Honestly, I don’t remember much about the history we were given for Palatine Hill.  I do remember climbing a bunch of stairs, once we left the Colosseum, it was raining on and off, and I was focused on keeping my camera dry.  In any event, here are a few photos I shot along the way.

The Roman Forum I do remember much better, and I see why it’s affectionaly known as the “Caesar Shuffle” (according to the Rick Steves guide, anyway).  Walking through the ancient stone road of the Forum was like a step back in ancient times when this place was the political, religious and commercial enter of Rome.  I can imagine emperors in chariots and processions of high-ranking officials making their way from one end to the other.  IMG_2877

We began our own Caesar’s shuffle at the Arch of Titus, which marks Rome’s victory over Jerusalem in A.D. 70.  The inside of the Arch is decorated in scenes depicting the defeat over Israel (or Judaea, at the time) and other ornate carvings.

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IMG_2897Also of note along the old road was the Temple of Antoninus Pius and Faustina in honor of the emperor of the same name and his wife.  It must have been mighty grand in its day.  See the green door?  That was originally at ground level in Caesar’s day.

 

 

Here’s a little of what we saw after the tour on our walk back to the hotel.  Since it was Sunday, the main road to the Colosseum was closed off to motor vehicles, making for a pleasant and safe stroll.

During the remaining time over our two days in Rome, we also wandered a bit around the Pantheon neighborhood, stopping for pizza, dinner at an outdoor cafe on Piazza Navona, and dropped by a couple of nearby churches.  Churches in Rome are like nothing I’ve ever seen, and I am not talking about the grandest of the buildings of worship such as St. Peter’s Basilica.  I mean regular neighborhood churches.  For instance, we happened upon the Church of St. Ignazio di Loyola, located in the Piazza of the same name, and our jaws dropped.  The church with its beautiful dome, artwork, sculptures and architecture is absolutely stunning and rivals anything you’ll see at St. Peter’s Basilica.  If you don’t get to see the Sistine Chapel, or if the crowds at the Vatican scare you away, stop by this gorgeous church.  It wasn’t very crowded, and we spent quite a bit of time going through this huge, magnificent place.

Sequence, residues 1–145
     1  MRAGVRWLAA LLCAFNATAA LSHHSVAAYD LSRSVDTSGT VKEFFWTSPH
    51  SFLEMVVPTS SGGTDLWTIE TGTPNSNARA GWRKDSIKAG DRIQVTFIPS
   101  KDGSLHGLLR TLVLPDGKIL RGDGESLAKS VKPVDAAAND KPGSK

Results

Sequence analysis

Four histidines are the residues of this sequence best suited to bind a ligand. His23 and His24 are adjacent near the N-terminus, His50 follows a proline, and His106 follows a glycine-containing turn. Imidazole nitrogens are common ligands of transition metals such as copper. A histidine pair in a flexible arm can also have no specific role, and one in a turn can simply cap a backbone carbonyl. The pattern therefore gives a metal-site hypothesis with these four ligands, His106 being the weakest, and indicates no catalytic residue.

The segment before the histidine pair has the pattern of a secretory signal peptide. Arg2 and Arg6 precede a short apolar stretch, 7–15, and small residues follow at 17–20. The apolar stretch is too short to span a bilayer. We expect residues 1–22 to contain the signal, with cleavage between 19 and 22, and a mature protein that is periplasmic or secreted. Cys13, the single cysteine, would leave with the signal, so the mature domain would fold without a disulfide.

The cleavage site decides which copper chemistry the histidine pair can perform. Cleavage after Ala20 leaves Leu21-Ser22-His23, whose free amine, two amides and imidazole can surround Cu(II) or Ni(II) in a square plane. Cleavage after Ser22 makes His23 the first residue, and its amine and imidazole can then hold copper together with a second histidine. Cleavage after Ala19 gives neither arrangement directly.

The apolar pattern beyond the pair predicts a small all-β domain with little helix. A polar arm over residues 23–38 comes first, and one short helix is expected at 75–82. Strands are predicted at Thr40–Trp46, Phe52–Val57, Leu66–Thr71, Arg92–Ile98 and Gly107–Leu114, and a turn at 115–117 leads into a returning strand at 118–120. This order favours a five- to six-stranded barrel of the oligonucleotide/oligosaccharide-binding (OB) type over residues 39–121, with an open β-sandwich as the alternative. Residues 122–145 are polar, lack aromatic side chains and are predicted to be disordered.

Another church we saw was The Church of San Luigi dei Francesi, dropping in on our way to Piazza Navona.  I wish I had read about this church before going because come to find out, it is famous for the painting done by artist Caravaggio.  Not as ornate or adorned as the Church of St. Ignazio, it was still beautiful to see.

A few more shots of a pizza stop and the famous Piazza Navona.

Final Stop ~ The Pantheon.

With our hotel being a stone’s throw from the Pantheon, our visit to Rome would not be complete without a look inside.  Since we were scheduled for a 10:00 a.m. pickup on our final morning for the ride to Civitavecchia to meet the ship, we used the time after breakfast for a walk through this magnificent ancient masterpiece.  After admiring the Greek-style portico and huge bronze doors, we entered this magnificent structure and were instantly mesmerized by Roman-style rotunda, the gorgeous dome and tombs of famous people including artist Raphael and modern Rome’s first two kings.  This was a very special place, and one which I am glad to have admired for so long from a hotel window.

Our time in Rome was very brief, and there was so much we did not see including The Spanish Steps and the Trevi Fountain (which I reminded my husband about 100 times that it is under renovation).  It is our hope to one day return to this amazing city.

About 7SeaJourneys

Agent and owner of Seven Sea Journeys, travel planner specializing in ocean and river cruising. Occasional contributor to several travel websites, writing reports and reviews of my own travel and experiences.